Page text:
The Academy of Motion Picture Arts and Sciences’ current exhibit — Photos de Cinéma: Images of the French New Wave — is showing 125 newly made, black and white prints from Cauchetier’s original 35mm negatives. The entire process overseen by the photographer himself, in Paris. This is the first exhibition outside of Europe to showcase Cauchetier’s filmic work. The Academy was generous enough to share several images from their fantastic show with us, and we’ve featured them for you past the break. Please visit The Academy website for more information. Photos de Cinéma: Images of the French New Wave will be on display through June 24 at the The Academy Grand Lobby Gallery in California. … Read More
Today at Flavorpill, we realized the uncanny similarities between the Cathy comic series and Requiem for a Dream. We looked at 37 minimalist superhero and villain posters. We wondered what Milla Jovovich will be wearing when she hosts the Scientific And Technical Awards at this year’s Oscars. We said … Read More
[Editor's note: While your Flavorwire editors take a much-needed holiday break, we're revisiting some of our most popular features of the year. This post was originally published August 10, 2011.] Earlier this summer, a shocking number of our readers flocked to read (and amend) our list of the harshest author-on-author insults in history. But you know who is even more childish, trifling, vindictive, and nasty than your favorite scribes? Your favorite filmmakers. These directors may not have quite the same precision with the written word as those rancorous authors, but when it comes to pettiness, they can’t be beat. After the jump, we’ll run down 30 of our favorite slights, slanders, and cheap shots from filmmakers both classic and contemporary; we’d love to hear yours in the comments. … Read More
Most poster art reflects the aesthetics of its creator — and Turkish designer Gizem Vural’s posters for the 30th Istanbul Film Festival definitely reflect her taste. But what’s really wonderful about her portraits of legendary filmmakers, from Alfred Hitchcock to Akira Kurosawa, is that they also reference the signature style of the directors themselves: Surrealist Luis Buñuel’s face is swirled beyond recognition, while Federico Fellini is rendered in bold colors and the kind of playful patterns we might find in his visually rich films. Enjoy the posters, found on Behance, after the jump, and visit Vural’s website to learn more about the 23-year-old designer’s work. … Read More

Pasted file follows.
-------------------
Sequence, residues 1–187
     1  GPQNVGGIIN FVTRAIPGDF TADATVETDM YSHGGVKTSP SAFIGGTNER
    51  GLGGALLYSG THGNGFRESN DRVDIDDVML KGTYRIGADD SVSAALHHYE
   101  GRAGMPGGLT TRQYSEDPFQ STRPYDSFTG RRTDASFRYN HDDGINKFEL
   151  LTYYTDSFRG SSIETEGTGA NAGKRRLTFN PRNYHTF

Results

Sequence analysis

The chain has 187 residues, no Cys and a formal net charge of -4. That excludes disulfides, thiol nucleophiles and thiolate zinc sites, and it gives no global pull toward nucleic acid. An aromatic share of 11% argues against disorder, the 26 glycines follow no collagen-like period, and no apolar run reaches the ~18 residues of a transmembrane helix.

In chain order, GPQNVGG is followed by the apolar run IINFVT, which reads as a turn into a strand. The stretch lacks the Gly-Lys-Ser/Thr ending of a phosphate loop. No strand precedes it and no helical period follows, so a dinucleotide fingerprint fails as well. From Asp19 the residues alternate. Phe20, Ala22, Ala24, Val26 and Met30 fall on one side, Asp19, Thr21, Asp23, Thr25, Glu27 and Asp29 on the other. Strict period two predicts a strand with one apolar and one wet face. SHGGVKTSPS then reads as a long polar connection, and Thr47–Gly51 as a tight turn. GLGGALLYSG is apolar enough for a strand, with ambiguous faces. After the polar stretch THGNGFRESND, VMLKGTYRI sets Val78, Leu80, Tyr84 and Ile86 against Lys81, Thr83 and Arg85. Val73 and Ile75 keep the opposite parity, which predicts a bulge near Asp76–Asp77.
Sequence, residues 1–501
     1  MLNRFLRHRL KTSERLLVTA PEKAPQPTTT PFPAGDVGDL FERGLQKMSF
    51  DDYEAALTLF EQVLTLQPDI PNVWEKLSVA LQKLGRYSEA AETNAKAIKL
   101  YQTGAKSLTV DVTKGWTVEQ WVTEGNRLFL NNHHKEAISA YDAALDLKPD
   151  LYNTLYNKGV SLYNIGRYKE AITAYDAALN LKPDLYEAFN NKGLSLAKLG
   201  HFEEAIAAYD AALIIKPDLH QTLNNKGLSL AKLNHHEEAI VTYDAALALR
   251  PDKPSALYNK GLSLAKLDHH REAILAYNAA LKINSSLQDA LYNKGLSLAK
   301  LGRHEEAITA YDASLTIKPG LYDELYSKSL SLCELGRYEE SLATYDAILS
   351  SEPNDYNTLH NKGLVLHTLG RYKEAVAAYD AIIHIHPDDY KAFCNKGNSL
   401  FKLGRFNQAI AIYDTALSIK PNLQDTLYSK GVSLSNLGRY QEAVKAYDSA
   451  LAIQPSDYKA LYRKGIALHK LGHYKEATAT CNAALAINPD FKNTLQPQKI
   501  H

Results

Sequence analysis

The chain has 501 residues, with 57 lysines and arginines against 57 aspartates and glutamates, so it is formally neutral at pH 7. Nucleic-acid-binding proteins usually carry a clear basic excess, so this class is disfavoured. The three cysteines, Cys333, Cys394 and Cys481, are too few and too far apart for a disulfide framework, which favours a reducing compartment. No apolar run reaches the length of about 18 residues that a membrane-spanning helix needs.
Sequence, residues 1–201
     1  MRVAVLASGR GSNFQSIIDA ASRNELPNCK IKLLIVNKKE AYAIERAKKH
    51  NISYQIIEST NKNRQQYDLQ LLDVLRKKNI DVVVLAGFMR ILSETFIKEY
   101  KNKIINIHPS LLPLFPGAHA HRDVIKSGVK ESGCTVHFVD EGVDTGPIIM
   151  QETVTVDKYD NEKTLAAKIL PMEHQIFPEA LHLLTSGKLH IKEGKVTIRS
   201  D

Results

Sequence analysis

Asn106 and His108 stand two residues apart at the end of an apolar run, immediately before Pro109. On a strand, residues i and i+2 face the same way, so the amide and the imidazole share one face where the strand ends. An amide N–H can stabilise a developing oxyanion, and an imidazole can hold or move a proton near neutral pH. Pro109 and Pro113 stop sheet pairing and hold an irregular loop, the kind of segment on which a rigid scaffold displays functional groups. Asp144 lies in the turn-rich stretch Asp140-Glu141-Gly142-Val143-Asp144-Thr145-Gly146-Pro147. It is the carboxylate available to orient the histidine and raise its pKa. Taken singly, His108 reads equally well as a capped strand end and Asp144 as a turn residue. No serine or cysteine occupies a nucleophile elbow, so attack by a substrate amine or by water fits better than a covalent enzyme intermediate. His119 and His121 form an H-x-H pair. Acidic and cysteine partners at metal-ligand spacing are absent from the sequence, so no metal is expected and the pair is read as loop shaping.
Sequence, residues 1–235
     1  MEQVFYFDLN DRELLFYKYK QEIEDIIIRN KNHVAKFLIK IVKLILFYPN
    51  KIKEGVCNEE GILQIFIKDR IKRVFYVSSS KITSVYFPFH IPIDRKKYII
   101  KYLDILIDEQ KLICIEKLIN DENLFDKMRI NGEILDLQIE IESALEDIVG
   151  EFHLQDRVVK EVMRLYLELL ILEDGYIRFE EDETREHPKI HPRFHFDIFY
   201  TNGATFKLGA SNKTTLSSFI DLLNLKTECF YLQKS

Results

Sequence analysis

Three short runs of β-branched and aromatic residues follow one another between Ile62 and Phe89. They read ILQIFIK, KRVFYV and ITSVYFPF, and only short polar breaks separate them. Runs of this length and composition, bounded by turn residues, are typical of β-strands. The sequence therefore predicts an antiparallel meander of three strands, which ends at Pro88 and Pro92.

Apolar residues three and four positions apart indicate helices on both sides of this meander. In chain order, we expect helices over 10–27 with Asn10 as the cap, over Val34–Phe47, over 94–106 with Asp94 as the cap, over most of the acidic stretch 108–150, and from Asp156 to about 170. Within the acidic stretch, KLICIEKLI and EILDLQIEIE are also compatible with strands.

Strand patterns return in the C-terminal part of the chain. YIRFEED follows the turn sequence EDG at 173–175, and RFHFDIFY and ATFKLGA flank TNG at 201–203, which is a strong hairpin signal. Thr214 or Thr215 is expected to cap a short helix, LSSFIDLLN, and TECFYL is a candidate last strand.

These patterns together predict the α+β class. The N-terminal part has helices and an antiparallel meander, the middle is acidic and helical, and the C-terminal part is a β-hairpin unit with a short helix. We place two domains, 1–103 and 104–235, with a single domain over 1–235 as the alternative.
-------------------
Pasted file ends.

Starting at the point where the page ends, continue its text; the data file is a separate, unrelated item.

This week Bruce Robinson’s adaptation of Hunter S. Thompson’s novel The Rum Diary opens across the country. Based on an early novel by the good doctor of gonzo journalism, the role of Thompson’s stand-in, journalist “Paul Kemp,” is being played by Johnny Depp — who has, with this film, pretty much planted is flag for good on the island of “cinematic portrayals of Hunter S. Thompson.” After the jump, we’ll take a closer look at Depp’s ongoing onscreen personification of the late Thompson, and nine more actors who became the cinematic avatars for distinctive writers and filmmakers. … Read More
Disclaimer: we think you should go to college, if you can swing it. But sometimes it seems (especially in the media) that the college experience is just wave after wave of useless information cresting up out of a sea of cheap beer. So we’ve narrowed the whole four years down into ten essential books that will get you to the same place, only perhaps a little drier. If you aren’t going (or going back to) college this fall and wish you were, this list might just tide you over. And if you are, it’s sure to give you a leg up. Click through to check out our (tongue in cheek!) list of ten books that approximate the college experience, and let us know which you’d add or take away in the comments. … Read More